Eligible Illinois residents can now file a claim in a class action settlement following a lawsuit brought against Google alleging privacy violations by the company under the law of the State.
The lawsuit, which mirrors the one recently settled with Facebook that resulted in scores of residents receiving checks last month, claimed the company violated Illinois’ biometric information privacy law by “collecting and storing biometric data of individuals who, while residing in Illinois, appeared in a photo in the photo sharing and storage service known as Google Photos, without proper notice or consent.
A settlement was reached in the matter earlier this year and now eligible residents can file their claims. Google did not immediately respond to NBC 5’s request for comment, but admitted no wrongdoing in the settlement agreement and denied all claims made in the lawsuit.
So who is eligible to file a claim and how can they do so?
According to the settlement’s website, residents qualify “if at any time between May 1, 2015 and April 25, 2022, you appeared in a photo in Google Photos while a resident of Illinois.”
Those looking to submit a complaint can do so using the form here.
Eligible residents can apply now through September 24. All claims must be submitted by this date to be eligible for payment.
For those who wish to object or opt out of the settlement, that deadline is August 10.
A final approval hearing is scheduled for September 28.
Those who qualify will receive a portion of the $100 million settlement fund, after deducting legal fees, costs and expenses. But how much each person will receive remains unclear.
“No one knows in advance how much each valid claim payment will cost until the deadline for submitting claims passes and the Court awards the award of fees and expenses and service payments,” indicates the settlement website. “Each class member who submits a valid claim will receive an equal proportionate share of the Net Settlement Fund. »
The attorneys in the case estimate, based on their experience and similar cases, that each claim could be worth between $200 and $400.
If final approval is granted and any potential appeal process is completed, eligible participants could receive their payments within 90 days. The final approval hearing is set for September 28 at 10:30 a.m.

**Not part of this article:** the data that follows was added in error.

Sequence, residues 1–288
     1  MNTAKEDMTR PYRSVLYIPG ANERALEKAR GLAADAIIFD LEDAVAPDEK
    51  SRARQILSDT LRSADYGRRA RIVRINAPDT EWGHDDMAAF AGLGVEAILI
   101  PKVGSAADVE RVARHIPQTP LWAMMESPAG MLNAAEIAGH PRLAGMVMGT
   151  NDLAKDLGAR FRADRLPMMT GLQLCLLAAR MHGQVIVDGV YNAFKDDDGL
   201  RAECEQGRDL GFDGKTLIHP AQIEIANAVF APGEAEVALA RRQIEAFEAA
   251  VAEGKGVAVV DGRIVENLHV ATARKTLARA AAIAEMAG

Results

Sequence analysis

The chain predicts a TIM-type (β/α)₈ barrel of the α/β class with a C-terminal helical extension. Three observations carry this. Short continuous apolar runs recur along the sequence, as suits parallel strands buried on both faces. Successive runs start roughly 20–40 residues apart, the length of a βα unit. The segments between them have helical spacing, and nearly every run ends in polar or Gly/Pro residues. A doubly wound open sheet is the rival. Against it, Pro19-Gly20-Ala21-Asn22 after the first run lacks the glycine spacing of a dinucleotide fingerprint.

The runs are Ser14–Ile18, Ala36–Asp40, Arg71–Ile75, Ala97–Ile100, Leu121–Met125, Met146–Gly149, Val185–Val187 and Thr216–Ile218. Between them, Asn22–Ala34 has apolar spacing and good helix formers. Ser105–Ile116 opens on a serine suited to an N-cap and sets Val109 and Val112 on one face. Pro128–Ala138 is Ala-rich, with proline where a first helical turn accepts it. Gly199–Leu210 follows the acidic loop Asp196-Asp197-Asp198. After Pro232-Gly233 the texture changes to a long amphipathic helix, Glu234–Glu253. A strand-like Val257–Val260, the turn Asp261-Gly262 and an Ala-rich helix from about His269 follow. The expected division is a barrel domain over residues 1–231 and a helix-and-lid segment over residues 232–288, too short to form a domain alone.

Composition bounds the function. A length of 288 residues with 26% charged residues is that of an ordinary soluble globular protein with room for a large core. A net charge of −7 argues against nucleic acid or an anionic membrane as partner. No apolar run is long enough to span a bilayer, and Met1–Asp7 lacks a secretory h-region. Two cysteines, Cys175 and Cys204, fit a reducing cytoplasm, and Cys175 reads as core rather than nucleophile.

Lawyers warn, however, that even if the court approves the settlement, there may still be appeals in the case.
“It is always uncertain if and when appeals can be resolved, and resolving them may take time,” the website states.
More recently, more than one million Facebook users in Illinois are beginning to receive checks following a $650 million settlement in a class action lawsuit alleging it violated residents’ rights by collecting and by storing digital scans of their faces without permission. Microsoft, Amazon and Google are among the companies that have also been accused of violations.
A class action lawsuit has also been filed against Snapchat’s parent company, accusing the social network of breaking the law.
Illinois’ Biometric Privacy Act prohibits private sector companies and institutions from collecting biometric data from unsuspecting citizens in the state or online, regardless of where the company is based. Data cannot be sold, transferred or traded. Unlike any other state, citizens can sue for alleged violations, which has sparked hundreds of David and Goliath legal battles against some of the world’s most powerful corporations.
If a company is found to have violated Illinois law, citizens can collect civil penalties of up to $5,000 per violation, compounded by the number of people affected and the days involved. No state regulatory agency is involved in law enforcement.
Since BIPA is an Illinois law, it only applies to residents of the state.